Is it because people love being able to use 'with' statements or referencing object instances by the object name?

Is there any benefits to using a programming language with a integer ID based system?

Is there any benefit to referencing arguments using 'argument0', 'argument1', etc compared to other ways of dealing with arguments?

Is there any benefit to only being able to globally reference scripts?
For me it's mostly stockholme syndrome and i'm too lazy to really learn a new engine well enough :)
But for most part it's the community, I really like the gamemaker community


Sorry guys to interrupt your lovely talks, but I need to sasy the opposite, at least to compensate that unexplainable love to uglyness, and because I have nowhere esle to tell the world how bad this thing is, especially if we remember, that this is a paid product. I literally hate GMS2. It is a completely buggy thing. I bought it half a year ago, and it is still as buggy as hell. Somebody told it does exactly what you code? Sorry dudes, but any language compiles into exactly what you've coded, and GMS2 is a completely different story. What compiles and runs under one platform, completely does not work under another. Error in my code? No. A confirmed bug in GMS2, a fix for which took more than half a year to be released. Well... "released" is still a relative thing, cause I'm still talking about 2.3 beta, which introduced even more bugs which I managed to find in just 30 minutes of debugging my simplest game ever. And please don't tell me such things as "it is still beta, how can you?". No, 2.2 "stable" was also a beta for me. Just a fun fact: I still can't share a HTML version of my simplest game to my friends, written more than half a year ago in GMS2. Meanwhile, I've already written (and shared) some games using another (completely free) engine, which even provides a lot more possibilities out-of-the box.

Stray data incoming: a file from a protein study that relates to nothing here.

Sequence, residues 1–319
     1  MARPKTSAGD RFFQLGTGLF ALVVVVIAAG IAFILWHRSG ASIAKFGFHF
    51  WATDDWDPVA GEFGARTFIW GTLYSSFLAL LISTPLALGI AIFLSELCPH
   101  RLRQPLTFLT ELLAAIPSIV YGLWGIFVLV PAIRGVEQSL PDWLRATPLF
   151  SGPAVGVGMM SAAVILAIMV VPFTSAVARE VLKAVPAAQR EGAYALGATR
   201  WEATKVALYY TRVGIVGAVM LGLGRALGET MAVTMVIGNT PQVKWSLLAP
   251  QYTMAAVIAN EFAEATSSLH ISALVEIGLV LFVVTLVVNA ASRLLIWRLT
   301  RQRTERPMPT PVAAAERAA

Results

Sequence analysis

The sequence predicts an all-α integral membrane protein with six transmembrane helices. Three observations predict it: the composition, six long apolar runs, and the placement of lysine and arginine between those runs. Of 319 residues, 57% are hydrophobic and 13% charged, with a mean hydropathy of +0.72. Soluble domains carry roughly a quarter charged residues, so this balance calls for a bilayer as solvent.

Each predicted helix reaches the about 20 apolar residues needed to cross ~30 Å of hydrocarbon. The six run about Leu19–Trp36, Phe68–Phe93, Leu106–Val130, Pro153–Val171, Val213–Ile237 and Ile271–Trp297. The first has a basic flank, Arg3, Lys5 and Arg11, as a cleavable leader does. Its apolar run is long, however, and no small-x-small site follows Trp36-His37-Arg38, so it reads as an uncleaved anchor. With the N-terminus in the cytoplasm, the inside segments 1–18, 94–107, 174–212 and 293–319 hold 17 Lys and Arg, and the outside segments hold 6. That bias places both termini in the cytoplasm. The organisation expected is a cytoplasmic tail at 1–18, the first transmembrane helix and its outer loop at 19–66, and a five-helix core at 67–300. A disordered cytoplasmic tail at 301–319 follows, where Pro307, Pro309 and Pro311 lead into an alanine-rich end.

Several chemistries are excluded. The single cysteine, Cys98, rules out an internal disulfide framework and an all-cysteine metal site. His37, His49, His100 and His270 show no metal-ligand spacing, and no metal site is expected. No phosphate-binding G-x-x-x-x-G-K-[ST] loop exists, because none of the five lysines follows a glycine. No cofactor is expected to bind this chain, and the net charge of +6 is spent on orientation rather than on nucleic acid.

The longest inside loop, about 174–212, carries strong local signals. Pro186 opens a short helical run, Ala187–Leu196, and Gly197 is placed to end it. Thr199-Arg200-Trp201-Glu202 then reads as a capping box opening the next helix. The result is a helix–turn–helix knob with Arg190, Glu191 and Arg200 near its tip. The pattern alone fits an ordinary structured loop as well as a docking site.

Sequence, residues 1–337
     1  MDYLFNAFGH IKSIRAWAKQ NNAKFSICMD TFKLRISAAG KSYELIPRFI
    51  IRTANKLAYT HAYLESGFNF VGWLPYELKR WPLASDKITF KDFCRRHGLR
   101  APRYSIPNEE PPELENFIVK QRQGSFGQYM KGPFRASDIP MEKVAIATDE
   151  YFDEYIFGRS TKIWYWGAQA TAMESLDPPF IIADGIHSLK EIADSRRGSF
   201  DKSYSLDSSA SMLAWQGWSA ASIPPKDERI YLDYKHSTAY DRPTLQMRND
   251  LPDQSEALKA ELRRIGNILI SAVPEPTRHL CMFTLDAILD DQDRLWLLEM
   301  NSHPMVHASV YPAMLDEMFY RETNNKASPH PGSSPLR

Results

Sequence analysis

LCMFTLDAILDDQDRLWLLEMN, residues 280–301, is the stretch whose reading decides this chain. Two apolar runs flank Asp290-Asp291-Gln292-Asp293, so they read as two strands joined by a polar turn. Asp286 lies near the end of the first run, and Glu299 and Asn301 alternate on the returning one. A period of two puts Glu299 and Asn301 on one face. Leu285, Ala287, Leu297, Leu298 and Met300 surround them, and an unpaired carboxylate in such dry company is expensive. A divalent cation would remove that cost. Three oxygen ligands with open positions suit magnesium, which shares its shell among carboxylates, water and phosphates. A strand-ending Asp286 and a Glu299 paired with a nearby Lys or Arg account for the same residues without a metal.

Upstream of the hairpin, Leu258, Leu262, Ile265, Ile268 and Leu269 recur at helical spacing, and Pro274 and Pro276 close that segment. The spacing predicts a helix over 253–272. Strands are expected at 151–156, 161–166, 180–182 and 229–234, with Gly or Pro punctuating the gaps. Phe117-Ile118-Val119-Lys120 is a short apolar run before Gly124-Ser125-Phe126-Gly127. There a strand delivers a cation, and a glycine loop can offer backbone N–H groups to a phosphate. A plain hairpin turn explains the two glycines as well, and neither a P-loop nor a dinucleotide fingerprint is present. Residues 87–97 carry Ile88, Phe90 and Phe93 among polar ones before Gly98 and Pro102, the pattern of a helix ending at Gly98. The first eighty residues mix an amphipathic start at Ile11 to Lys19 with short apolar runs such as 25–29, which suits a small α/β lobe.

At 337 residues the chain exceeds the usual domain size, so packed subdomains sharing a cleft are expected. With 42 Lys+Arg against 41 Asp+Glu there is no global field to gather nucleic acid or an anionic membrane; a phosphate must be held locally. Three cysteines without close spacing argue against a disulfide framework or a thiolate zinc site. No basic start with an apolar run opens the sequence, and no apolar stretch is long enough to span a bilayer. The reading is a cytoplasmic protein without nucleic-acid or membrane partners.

@Amegatron - I'm certainly not defending YoYo's bug fixing timescale regarding your issue(s) here, and I can understand your frustration, I've even been frustrated myself with a couple of issues I've had (but have since been fixed, so I was lucky I guess!)...

...but it's a shame you've possibly not had experience of some of the other REALLY bad products I've had to use, to fairly compare the whole gamut of what's out there - Some would have taken your money (lots of it!), REPEATEDLY, for a buggy and *completely* broken (and sidelined / DE-volving) product that they obviously have no intention of fixing. Others would have mis-sold you on what the product can do, or had NO support or user contact whatsoever. Still others would have suffered poor performance on EVERYTHING, due to relying on clunky 'wrappers' rather than native support, to produce an end-product for their target builds. :(